recognized during an acute clinical event that induces
oxidant stress, such as infection, diabetic ketoacidosis, or
severe liver injury. In children, either infection or exposure to naphthalene (moth balls) is a common precipitating event. Individuals with G6PD A do not manifest
anemia until they are exposed to an oxidant drug or other
oxidant challenge. Such an exposure may provoke an

ASH-SAP-09-1201-006.indd 158

Table 6-7 Agents that cause clinically significant hemolysis in patients


with G6PD deficiency.
Acetanilide
Dapsone
Dimercaptosuccinic acid
Furazolidone
Glibenclamide
Isobutyl nitrite
Methylene blue
Nalidixic acid
Naphthalene
Niridazole
Nitrofurantoin
Pamaquine

Pentaquine
Phenylhydrazine
Phenazopyridine
Primaquine
Sulfacetamide
Sulfamethoxazole
Sulfanilamide
Sulfapyridine
Thiazolesulfone
Toluidine blue
Trinitrotoluene (TNT)
Urate oxidase

Data from Beutler E. Glucose-6-phosphate dehydrogenase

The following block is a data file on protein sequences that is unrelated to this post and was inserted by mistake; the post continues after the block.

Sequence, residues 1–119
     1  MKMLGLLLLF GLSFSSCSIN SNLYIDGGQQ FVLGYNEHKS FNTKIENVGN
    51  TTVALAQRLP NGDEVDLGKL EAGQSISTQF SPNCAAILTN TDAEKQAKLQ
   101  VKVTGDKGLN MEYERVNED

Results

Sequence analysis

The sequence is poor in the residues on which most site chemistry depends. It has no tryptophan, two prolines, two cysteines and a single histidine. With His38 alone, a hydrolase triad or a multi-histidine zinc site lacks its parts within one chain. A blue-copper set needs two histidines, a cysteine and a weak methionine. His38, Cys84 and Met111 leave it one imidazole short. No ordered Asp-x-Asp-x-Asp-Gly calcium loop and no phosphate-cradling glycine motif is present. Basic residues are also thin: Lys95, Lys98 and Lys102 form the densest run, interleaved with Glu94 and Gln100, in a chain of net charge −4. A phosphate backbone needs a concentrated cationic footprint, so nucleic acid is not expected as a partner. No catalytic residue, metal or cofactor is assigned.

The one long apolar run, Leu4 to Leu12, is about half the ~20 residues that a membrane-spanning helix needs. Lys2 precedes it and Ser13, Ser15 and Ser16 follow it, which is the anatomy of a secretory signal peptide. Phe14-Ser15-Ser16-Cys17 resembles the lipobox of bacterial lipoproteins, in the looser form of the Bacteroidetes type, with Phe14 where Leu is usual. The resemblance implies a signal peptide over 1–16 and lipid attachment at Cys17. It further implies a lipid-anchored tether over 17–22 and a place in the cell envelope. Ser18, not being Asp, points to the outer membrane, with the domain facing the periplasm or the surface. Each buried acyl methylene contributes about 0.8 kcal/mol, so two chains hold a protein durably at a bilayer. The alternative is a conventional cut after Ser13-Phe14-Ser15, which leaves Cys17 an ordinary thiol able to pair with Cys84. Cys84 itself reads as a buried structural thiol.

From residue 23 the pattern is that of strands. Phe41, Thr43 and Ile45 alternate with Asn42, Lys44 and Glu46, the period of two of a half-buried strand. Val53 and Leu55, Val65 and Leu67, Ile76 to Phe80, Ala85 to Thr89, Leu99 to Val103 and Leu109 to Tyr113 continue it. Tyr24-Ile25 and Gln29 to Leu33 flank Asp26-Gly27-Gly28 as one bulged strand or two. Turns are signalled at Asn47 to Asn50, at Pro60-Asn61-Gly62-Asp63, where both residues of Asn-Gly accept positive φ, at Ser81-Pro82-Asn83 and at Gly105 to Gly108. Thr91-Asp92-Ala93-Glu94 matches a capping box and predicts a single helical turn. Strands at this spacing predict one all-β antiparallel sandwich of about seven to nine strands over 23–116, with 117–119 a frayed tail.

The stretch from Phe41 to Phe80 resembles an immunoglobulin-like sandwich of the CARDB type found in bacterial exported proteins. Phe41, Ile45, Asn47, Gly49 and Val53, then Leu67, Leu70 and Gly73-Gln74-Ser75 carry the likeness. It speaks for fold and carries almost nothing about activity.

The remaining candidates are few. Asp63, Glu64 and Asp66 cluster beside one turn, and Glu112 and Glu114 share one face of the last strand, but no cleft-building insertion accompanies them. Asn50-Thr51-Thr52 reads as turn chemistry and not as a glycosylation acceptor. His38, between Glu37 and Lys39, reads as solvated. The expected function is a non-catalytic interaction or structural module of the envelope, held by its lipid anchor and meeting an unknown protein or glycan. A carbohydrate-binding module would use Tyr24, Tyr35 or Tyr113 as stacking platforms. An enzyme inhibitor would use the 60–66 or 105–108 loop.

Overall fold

deficiency. In: Starbury JB, Wyngaarden JB, Frederickson DS, et al,
eds. The Metabolic Basis of Inherited Disease. 5th ed. New York, NY:
McGraw-Hill; 1983. Updated from Beutler E. Glucose-6-phosphate
dehydrogenase deficiency and other red cell enzyme abnormalities.
In: Beutler E, Lichtman MA, Coller BS, et al, eds. Williams Hematology.
6th ed. New York, NY: McGraw-Hill; 2001.
G6PD  glucose-6-phosphate dehydrogenase.

acute hemolytic episode with intravascular hemolysis. In


the G6PD A variant, an adequate reticulocyte response
can result in restoration of the hematocrit even if the
offending drug is continued because the newly formed
reticulocytes are relatively resistant to oxidant stress
given their higher G6PD levels. Women heterozygous for
G6PD A usually experience only mild anemia because
a population of G6PD normal cells coexists. Men and
heterozygous women with the G6PD Mediterranean variant can experience severe hemolysis in face of oxidant
stress, and the offending agent must be removed because
the reticulocytes have low enzyme levels and are prone to
hemolysis.
Certain G6PD variants may result in a congenital nonspherocytic hemolytic anemia with persistent splenomegaly. Affected individuals are extremely susceptible to the